DETROIT Aug 28 Cash-strapped Detroit can
continue to access an estimated $11 million a month in casino
tax revenue, a U.S. bankruptcy judge ruled on Wednesday, while
the court takes up a deal with creditors related to the revenue.
U.S. Bankruptcy Judge Steven Rhodes, who is overseeing
Detroit's bankruptcy petition, ruled that bond insurer Syncora
Guarantee Inc cannot block the city from using taxes paid by the
city's three casinos.
Rhodes said Syncora does not have a lien on the money used
as collateral since 2009 to secure Detroit's obligations on
interest-rate swap agreements. Detroit entered into those
agreements in conjunction with the sale of pension debt for its
two retirement funds.
Sinking under more than $18 billion in debt and other
obligations, Detroit on July 18 filed for the biggest Chapter 9
municipal bankruptcy in U.S. history. Many bankruptcy experts
believe the case may be a guide for what could happen when other
U.S. cities file for Chapter 9 protection.
Detroit collects about $180 million annually from casinos,
and around $15 million is deposited each month into accounts
overseen by U.S. Bank to meet collateral requirements. The bank
sets aside $4 million a month for quarterly payments to swap
counterparties, leaving the city with about $11 million.
Syncora, which insured the swaps and some Detroit pension
debt associated with the swaps, wanted to stop the city from
accessing the casino revenue. That led Detroit to sue Syncora,
claiming the insurer's action could derail an agreement in
principle over the swaps. Rhodes put that lawsuit and other
litigation on hold.
Detroit has asked Rhodes to approve a deal that could
terminate the swaps, which were used to hedge interest-rate
exposure on some of the pension debt, at a discounted rate of as
much as 25 percent, saving the city more than $70 million.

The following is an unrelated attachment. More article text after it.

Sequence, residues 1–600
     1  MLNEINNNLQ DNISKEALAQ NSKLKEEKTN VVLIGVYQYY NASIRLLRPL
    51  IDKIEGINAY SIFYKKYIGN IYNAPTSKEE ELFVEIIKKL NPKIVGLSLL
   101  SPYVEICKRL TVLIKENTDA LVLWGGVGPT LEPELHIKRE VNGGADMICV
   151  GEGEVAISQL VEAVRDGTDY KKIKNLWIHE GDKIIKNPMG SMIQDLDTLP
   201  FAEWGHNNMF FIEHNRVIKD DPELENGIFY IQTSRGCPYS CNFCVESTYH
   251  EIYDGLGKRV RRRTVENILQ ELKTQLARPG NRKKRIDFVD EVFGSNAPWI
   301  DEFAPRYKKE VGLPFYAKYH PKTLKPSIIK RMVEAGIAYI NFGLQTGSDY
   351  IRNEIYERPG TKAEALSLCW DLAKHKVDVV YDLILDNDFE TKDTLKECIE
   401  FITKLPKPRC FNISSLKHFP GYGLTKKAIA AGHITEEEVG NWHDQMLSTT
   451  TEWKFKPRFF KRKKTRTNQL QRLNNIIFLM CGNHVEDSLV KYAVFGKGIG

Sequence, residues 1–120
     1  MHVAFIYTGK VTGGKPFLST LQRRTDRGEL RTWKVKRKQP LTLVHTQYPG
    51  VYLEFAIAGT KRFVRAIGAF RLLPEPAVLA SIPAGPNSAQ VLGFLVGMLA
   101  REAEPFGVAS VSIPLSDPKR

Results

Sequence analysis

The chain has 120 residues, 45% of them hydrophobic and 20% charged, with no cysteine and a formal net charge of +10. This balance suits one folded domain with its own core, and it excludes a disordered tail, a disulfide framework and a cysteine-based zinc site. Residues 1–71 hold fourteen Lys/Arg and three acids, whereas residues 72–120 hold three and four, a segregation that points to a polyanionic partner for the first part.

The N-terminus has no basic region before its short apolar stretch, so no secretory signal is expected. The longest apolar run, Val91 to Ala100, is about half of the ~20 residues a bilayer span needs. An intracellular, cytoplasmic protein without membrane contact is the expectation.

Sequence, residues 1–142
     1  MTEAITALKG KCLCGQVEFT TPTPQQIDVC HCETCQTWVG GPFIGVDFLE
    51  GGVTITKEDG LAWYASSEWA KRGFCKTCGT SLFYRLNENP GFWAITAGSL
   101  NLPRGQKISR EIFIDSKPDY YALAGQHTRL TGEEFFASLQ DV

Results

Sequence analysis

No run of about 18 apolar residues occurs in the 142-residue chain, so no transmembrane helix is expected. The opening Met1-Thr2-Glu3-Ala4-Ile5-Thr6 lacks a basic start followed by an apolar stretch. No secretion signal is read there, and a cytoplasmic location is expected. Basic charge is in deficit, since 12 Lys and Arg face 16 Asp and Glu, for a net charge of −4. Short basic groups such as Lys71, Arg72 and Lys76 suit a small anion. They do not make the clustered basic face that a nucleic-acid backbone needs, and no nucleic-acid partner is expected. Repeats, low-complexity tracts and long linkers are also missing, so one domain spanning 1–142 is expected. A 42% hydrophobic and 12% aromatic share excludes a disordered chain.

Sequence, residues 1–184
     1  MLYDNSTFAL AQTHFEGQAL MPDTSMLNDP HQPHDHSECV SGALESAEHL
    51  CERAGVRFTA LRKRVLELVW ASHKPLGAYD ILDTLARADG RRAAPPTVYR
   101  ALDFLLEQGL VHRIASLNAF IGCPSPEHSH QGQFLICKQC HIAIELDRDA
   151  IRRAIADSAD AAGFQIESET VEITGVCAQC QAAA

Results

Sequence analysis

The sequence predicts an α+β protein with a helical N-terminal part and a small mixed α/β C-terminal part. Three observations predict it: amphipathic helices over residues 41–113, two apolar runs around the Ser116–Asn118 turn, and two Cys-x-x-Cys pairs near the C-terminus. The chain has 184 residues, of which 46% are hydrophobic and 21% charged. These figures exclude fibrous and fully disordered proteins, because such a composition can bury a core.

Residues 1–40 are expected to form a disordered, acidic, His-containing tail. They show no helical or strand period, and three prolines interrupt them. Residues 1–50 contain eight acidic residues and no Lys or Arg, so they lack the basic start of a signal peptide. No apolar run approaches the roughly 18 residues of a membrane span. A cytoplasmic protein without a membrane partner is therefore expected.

Monthly payments to swap counterparties from casino revenue
would end if the swaps are terminated.
The deal, involving UBS AG and Merrill Lynch Capital
Services, is the only one with creditors that has been publicly
disclosed by Kevyn Orr, the state-appointed emergency manager
running Detroit since March.
Syncora, other bond insurers, some owners of the pension
debt, Detroit labor unions and others have filed various
objections in court to the deal. The judge has ordered parties
involved in the deal and many of the objectors to attend a
mediation session scheduled for Thursday.
Ambac Assurance Corp, which insures about $170 million of
Detroit general obligation bonds, said in its court filing the
deal "cannot be deemed to be fair and equitable vis-à-vis the
city's other creditors, because the city is overpaying one set
of creditors at the expense of other similarly situated
In June, Orr determined the $1.4 billion of pension debt
sold in 2005 and 2006 was unsecured and allowed a payment
default, forcing Syncora to make a $24.7 million payment to
bondholders. Orr, however, deemed the $300 million owed to swap
counterparties was secured.
A hearing into the swaps agreement initially set for Sept. 9
was pushed back on Wednesday by Rhodes to Sept. 23 to allow
attorneys for the multiple parties involved more time to
DIGITAL 'DATA ROOM'
Rhodes on Wednesday also allowed Detroit's legions of
creditors access to critical financial data without having to
agree not to disclose the information.
Some creditors, including a union representing city workers,
had balked at being required to sign nondisclosure agreements in
order to view 70,000 pages of financial information in a digital
Rhodes agreed to the city's plan to redact personal
information such as Social Security numbers and home addresses
from the documents. The data room would not be open to the
public or news media.